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Echolink on 10M and 6M

Discussion in 'Echolink/IRLP Tech Board' started by K6CAW, Mar 17, 2012.

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  1. K6CAW

    K6CAW Ham Member

    It seems that Echolink stations are classified as "auxillary" stations by the FCC. This would appear to limit the operation of echolink link stations to 2 meters and above. Can anyone confirm this? I just want to be compliant with the regulations.
     
  2. ND5Y

    ND5Y Ham Member

    Show me where it says in Part 97 that Echolink stations are classified as "auxillary" stations.

    Echolink isn't a transmission mode or modulation type. You can operate SSB, AM, FM or digital voice modes anywhere that your licesnse class allows voice operation and you observe bandwidth limitations. It makes no difference whether the transmitted audio comes from your local mic, a phone line, or the internet as long as a control operator is present.
     
  3. K6CAW

    K6CAW Ham Member

    I'm saw it in Gordon West's extra class study guide 5th edition. Page 33 says "Automatically retransmitting the radio signals of other ham stations takes place with a common repeater, and can also take place from......an auxilliary station, such as one handling IRLP" That doesn't mention Echolink but the 2 are similar.
     
  4. ND5Y

    ND5Y Ham Member

    Your study guide doesn't say ALL VoIP stations are ALWAYS auxiliary stations. As far as I'm concerned that only applies if the station is used as a point-to-point link to feed Echolink/IRLP to a repeater or something. Otherwise it is no different than any other fixed or mobile station.

    If you have a VoIP link at your house so that you can run around and talk to other stations on your hand held or in your car, I don't see how that would be considered an auxiliary station.

    Here is what Part 97 says:
    § 97.3 (a) (7) Auxiliary station. An amateur station, other than in a message forwarding system, that is transmitting communications point-to-point within a system of cooperating amateur stations.

    To me that means something like point-to-point repeater or remote bases links or for a phone patch on a repater that doesn't have a phone line at the repeater site. If you have something like a station on 10 meters linked to your repeater using EchoLink, that would be like using EchoLink instead of an auxiliary station.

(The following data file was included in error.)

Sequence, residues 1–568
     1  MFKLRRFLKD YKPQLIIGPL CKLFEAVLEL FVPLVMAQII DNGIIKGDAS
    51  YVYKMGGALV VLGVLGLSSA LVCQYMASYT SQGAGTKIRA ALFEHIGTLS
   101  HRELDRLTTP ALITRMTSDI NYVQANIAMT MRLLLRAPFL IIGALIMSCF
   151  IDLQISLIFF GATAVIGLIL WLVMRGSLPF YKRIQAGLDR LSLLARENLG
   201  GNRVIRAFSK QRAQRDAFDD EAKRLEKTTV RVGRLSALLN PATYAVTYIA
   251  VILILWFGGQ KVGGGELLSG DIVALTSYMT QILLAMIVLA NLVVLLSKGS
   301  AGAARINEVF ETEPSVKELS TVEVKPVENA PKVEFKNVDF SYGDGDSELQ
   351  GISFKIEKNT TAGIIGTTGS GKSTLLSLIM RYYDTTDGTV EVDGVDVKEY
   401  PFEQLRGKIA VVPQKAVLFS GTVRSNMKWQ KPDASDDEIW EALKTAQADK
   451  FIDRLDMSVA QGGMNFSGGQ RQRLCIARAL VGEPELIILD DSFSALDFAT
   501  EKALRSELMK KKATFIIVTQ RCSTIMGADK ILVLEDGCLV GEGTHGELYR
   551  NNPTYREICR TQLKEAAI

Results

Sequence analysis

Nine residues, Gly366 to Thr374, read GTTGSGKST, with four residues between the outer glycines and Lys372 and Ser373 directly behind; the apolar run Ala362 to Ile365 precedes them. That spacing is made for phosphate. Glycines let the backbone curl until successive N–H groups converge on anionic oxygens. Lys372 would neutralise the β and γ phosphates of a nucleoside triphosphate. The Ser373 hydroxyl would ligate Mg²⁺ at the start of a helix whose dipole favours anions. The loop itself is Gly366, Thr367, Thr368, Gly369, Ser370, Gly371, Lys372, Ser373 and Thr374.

Last edited: Mar 18, 2012
  5. PE1RDW

    PE1RDW Ham Member

    it realy is simple, if the voip gateway is transmitting to a single fixed station like a repeater then it is a auxiliary station, if it is transmitting on a simplex frequentie for everyone to use then it is not.
     
  6. K6ABZ

    K6ABZ Ham Member

    Echolink is a remotely controlled station, also called a telecommand station; There are two ways to remote control a station: you can control it over the air, usually on the same frequency as the voice link, or you can control it via a wireline link. Echolink can be controlled by a wire link or over the air, but the Part 97 rules regarding remote control are clear. 97.213 says that a telecommand station needs to use an auxiliary station for radio link control, but that you can also use wireline control. There is no restriction on the frequencies that you can operate on for the actual voice communications, just that you cannot operate you control link over anything below 2 meters.

    So as far as I can tell, a simplex Echolink node can operate on any band, as long as you have authority to operate in that band and on that mode.
     
  7. K0RGR

    K0RGR Premium Subscriber

    I think Andre's interpretation is correct. The transmitter sending the audio up to repeater from the Internet would be an auxiliary station, and prior to a fairly recent rules change, was not legal below 222 MHz.. It would be legal on 2 meters now, but technically not on 6 or 10. Still, thousands of EchoLinkers did it on 2 meters anyway, and the FCC enforcer at the time chose to overlook that 'technical' violation of the rules (and said so explicitly).
     
  8. ND6M

    ND6M Ham Member

    don't think so,..... if it goes thru a REPEATER, then it is NOT a point -to point WITHIN (key word) a system transmission, what you are describing is commonly called a "BACKBONE" link. think old style DX clusters that were X-band repeated

    Part 97.3 (a) (7) Auxiliary station. An amateur station, other than in a message forwarding system, that is transmitting communications point-to-point within a system of cooperating amateur stations.

    also the last word of part 97 is: stationS. that refers to more than one receiving station,... and as you correctly state : "if it is transmitting on a simplex frequentie for everyone to use then it is not."
     
  9. ND5Y

    ND5Y Ham Member

    Wrong. Read the definitions in 97.3. Echolink has nothing to do with remotely controlling devices or satellites.

    (44) Telecommand. A one-way transmission to initiate, modify, or terminate functions of a device at a distance.

    (45) Telecommand station. An amateur station that transmits communications to initiate, modify or terminate functions of a space station.
     
  10. KD8DVR

    KD8DVR Ham Member

    Try this link:

    http://www.arrl.org/auxiliary-station-faq

    This is confusing, because an RF node could be a "remote base" which is an auxillary station.... ALSO, according to this, a remote base cannot be open to the public, as control operators must be specifically designated by the owner of the station. What I got tagged (*****) is interesting, because, an RF link owner of a simplex link is controlling a radio remotely, via his DTMF pad. Also, see where such stations may not be open to the public.

    I run an RF link, and this is especially concerning...

    From the link:

    What are the uses for auxiliary stations?